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Sumo Logic

Normalized Authentication Rules

CSE's Normalized Authentication Rules detect activities that compromise accounts using authentication logs from any data source that CSE parsers and mappings support.

Normalized Authentication Rules detect activities that compromise accounts using authentication logs from any data source that CSE parsers and mappings support. New authentication data sources can immediately take advantage of this rule logic without the need to customize for the specific product or vendor.  

Requirements and prerequisites

Out of the box, the Normalized Authentication Rules support a variety of data sources, ranging from cloud-based authentication services like AWS CloudTrail, VPN authentication services like Cisco ASA, and OS-based authentication like that provided by Windows and Linux. 

For the rules to support a particular product or service, the log mapping for that service must map several fields correctly.

You can check whether a given data source is already supported by reviewing its log mapping in CSE. If it is, you’re good to go. If a mapping already exists for the data source, you can update it as described in this topic. If the data source doesn’t already have a mapping, you can create one. 

The mapping requirements are:

Output field Mapping requirement
objectType This field is populated as a result of the value selected for the Record Type in the log mapping. It must be set to Authentication.
normalizedAction Set to logon.
success Set to true if the logon was successful, or false if it was not.  
mfa If the log message contains a field that indicates multi-factor authentication usage, set mfa to true if MFA is used or false if not.
user_username  user_username must be mapped to the input field that contains the user identity. If an alternative input field also contains the user identity, that field should be mapped as an alternate input field.
srcDevice_ip If an IP address is present in the log message, srcDevice_ip must be mapped to the input field that contains it.
srcDevice_hostname If a hostname is present in the log message, srcDevice_hostname must be mapped to the input field that contains it.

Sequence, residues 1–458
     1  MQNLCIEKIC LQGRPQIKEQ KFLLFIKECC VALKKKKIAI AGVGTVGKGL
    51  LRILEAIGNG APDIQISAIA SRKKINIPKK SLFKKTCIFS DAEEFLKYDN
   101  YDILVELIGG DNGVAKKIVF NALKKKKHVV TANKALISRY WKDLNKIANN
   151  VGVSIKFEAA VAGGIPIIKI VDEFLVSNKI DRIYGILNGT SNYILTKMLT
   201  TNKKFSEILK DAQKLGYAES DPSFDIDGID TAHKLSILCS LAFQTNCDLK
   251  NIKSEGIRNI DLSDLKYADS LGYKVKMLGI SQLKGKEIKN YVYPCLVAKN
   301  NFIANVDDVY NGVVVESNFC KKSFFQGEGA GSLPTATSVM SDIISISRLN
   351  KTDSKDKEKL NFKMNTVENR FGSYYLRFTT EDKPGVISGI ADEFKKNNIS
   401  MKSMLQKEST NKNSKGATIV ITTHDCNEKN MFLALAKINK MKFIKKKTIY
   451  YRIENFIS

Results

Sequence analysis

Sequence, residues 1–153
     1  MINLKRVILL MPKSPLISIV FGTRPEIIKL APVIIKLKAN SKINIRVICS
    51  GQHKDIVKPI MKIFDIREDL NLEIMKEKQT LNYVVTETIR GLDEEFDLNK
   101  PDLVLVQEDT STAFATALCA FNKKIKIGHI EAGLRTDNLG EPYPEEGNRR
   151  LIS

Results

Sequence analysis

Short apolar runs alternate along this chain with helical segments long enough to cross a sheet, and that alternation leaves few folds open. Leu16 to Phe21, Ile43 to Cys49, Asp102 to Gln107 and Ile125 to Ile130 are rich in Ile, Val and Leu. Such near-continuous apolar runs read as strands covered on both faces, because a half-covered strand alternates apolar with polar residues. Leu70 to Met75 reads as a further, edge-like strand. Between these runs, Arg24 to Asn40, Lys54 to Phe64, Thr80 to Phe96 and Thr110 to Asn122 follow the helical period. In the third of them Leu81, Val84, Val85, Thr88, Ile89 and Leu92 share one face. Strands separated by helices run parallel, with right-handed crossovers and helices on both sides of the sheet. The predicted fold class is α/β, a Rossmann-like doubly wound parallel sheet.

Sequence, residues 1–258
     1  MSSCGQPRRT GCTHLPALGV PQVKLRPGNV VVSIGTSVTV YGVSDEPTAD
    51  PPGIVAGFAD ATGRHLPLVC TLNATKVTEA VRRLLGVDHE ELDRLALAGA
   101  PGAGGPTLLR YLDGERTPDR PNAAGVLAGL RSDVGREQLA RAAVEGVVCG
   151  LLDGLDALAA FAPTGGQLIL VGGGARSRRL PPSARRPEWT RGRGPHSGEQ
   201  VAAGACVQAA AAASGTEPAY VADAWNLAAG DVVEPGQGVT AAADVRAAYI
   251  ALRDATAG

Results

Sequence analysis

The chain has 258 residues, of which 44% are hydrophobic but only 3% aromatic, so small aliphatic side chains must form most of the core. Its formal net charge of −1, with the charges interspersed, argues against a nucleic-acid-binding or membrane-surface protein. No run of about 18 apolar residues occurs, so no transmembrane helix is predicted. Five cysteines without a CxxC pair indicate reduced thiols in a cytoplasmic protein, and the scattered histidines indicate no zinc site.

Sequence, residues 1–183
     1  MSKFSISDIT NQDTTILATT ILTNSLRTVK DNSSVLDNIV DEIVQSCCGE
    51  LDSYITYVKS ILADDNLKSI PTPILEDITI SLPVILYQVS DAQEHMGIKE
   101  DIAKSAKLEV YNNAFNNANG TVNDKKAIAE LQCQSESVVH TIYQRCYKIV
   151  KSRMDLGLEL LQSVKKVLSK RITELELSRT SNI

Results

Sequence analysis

This log mapping for the AWS CloudTrail ConsoleSignIn event meets the requirements described above. (Note that srcDevice_hostname is not mapped because the AWS log message for that event doesn’t contain a hostname.)

auth-rule-mapping-1.png

auth-rule-mapping-1.png

Normalized Authentication Rules

  • Authentication Without MFA
    • Detects a successful login where the account did NOT use multi-factor authentication (MFA) to gain access. We strongly recommend that you require MFA to protect accounts in the event that credentials are stolen. If you don’t require MFA for a data source, we recommend you disable this rule, or that you use a Rule Tuning Expression to exclude the data source so that messages from it won’t be processed by this rule. 
  • Brute Force Attempt
    • Detects multiple failed login attempts for the same username over a 24 hour timeframe. This is designed to catch both slow and quick brute force type attacks. The threshold and time frame can be adjusted based on your environment.
  • Password Attack
    • Detects multiple failed login attempts from a single source with unique usernames over a 24 hour timeframe. This is designed to catch both slow and quick password spray type attacks. The threshold and time frame can be adjusted based on your environment.
  • Successful Brute Force
    • Detects a series of failed logins followed by a successful login. This could indicate that an attacker was successful in guessing a user's password and has compromised the user’s account.
  • Impossible Travel - Successful
    • Detects two successful logins from the same user with different country codes, indicating possible credential theft. We recommend you add filtering criteria to the rule expression to reduce false positives, such as known VPN addresses.
  • Impossible Travel - Unsuccessful
    • Detects two failed logins from the same user with different country codes, indicating a possible credential theft attempt. We recommend you use a Rule Tuning Expression to add filtering criteria to the rule to reduce false positives, such as known VPN addresses.